5. Conclusions

In conclusion, the present work demonstrates that the T. catappa extract and fractions have antitrypanosomal activity against T. cruzi. The absence of cytotoxicity associated with the excellent trypanocidal activity of the ethyl acetate fraction indicates a therapeutic potential of T. catappa for Chagas disease. In addition, the antioxidant capacity may be related to the efficiency of activity against the parasite. Although the mechanisms of action are still unknown, the death of the parasite may be directly related to structural damage, confirmed by electron microscopy. This study provides evidence that T. catappa leaves can be an effective alternative in the treatment and control of Chagas disease.

6. Patents

The patent BR 10 2023 006058 7 “Formulação farmacêutica à base de folhas de Terminalia catappa para tratamento das leishmanioses e doença de Chagas” was granted to Araújo, S. A.; Abreu-Silva, A. L.; Almeida-Souza, F.; Lima, A. S.; and Rocha, C. Q. by the National Institute of Industrial Property (Instituto Nacional da Propriedade Industrial—INPI) in 31 March 2023.

Author Contributions

Conceptualization, S.A.d.A., C.Q.d.R., K.d.S.C., F.A.-S. and A.L.A.-S.; methodology, S.A.d.A., A.d.S.L., H.P.-S., D.d.J.H., N.N.T. and F.A.-S.; software, S.A.d.A., C.Q.d.R., N.N.T. and F.A.-S.; validation, C.Q.d.R., K.d.S.C., F.A.-S. and A.L.A.-S.; formal analysis, S.A.d.A., A.d.S.L., C.Q.d.R., N.N.T. and F.A.-S.; investigation, S.A.d.A., H.P.-S., D.d.J.H. and F.A.-S.; resources, C.Q.d.R., N.N.T., K.d.S.C. and A.L.A.-S.; data curation, C.Q.d.R., N.N.T., K.d.S.C., F.A.-S. and A.L.A.-S.; writing—original draft preparation, S.A.d.A., C.Q.d.R. and F.A.-S.; writing—review and editing, S.A.d.A., A.d.S.L., C.Q.d.R., H.P.-S., D.d.J.H., N.N.T., K.d.S.C., F.A.-S. and A.L.A.-S.; visualization, S.A.d.A.; A.d.S.L., C.Q.d.R., H.P.-S., N.N.T. and F.A.-S.; supervision, C.Q.d.R., K.d.S.C., F.A.-S. and A.L.A.-S.; project administration, K.d.S.C., F.A.-S. and A.L.A.-S.; funding acquisition, K.d.S.C. and A.L.A.-S. All authors have read and agreed to the published version of the manuscript.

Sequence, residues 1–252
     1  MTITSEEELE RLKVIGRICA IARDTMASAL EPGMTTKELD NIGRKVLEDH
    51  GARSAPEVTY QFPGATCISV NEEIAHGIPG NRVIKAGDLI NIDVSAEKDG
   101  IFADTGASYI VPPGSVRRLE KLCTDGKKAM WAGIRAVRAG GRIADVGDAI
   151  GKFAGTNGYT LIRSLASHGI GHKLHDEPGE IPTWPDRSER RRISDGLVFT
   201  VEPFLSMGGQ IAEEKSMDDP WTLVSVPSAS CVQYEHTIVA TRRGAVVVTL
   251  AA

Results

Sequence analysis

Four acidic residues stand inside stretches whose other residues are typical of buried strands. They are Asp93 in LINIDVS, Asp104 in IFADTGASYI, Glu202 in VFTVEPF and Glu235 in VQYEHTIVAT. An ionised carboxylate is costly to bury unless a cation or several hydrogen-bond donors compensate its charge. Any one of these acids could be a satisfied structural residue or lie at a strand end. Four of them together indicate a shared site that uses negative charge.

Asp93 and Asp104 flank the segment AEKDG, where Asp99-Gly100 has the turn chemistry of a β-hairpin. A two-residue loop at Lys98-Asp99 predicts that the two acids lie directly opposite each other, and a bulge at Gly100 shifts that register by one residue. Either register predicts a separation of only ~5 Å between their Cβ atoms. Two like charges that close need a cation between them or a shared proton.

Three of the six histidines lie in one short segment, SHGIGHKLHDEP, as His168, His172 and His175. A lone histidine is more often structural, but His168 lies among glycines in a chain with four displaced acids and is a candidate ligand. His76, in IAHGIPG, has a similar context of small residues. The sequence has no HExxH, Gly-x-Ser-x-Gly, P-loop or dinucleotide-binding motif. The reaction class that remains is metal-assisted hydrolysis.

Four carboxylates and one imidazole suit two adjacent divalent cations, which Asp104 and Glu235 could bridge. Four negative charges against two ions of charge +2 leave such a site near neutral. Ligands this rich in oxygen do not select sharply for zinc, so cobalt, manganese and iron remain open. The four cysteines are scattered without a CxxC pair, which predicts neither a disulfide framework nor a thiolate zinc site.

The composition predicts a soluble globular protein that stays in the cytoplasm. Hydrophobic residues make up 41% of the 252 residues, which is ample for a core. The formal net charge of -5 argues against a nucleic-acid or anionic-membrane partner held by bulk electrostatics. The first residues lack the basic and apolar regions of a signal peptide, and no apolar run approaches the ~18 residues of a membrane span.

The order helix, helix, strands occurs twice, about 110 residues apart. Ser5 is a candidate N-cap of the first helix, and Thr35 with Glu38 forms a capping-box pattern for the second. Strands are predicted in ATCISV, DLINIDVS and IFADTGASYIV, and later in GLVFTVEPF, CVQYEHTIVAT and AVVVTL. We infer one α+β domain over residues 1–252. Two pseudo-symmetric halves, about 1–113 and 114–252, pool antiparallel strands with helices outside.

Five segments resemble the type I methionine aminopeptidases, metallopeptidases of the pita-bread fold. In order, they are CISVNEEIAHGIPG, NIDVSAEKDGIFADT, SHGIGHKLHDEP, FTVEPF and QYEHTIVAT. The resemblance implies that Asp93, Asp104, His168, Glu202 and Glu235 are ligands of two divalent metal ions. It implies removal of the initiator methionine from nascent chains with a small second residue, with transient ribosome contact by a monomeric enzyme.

This research was funded by the Oswaldo Cruz Institute, by the Coordination for the Improvement of Higher Education Personnel (Coordenação de Aperfeiçoamento de Pessoal de Nível Superior do Brazil; CAPES), Finance Code 001, and by the Fundação de Amparo à Pesquisa e Desenvolvimento Científico e Tecnológico do Maranhão; (FAPEMA), grant number 02918/17- IECT. The APC (Fund for Conjoint Research Project) was funded by the Oswaldo Cruz Institute/FIOCRUZ. FA-S is a postdoctoral research fellow and scholarship holder of CAPES, grant number 88887.363006/2019-00. KSC (CNPq 315225/2021-1) and ALA-S (CNPq 313348/2021-9) are senior researchers.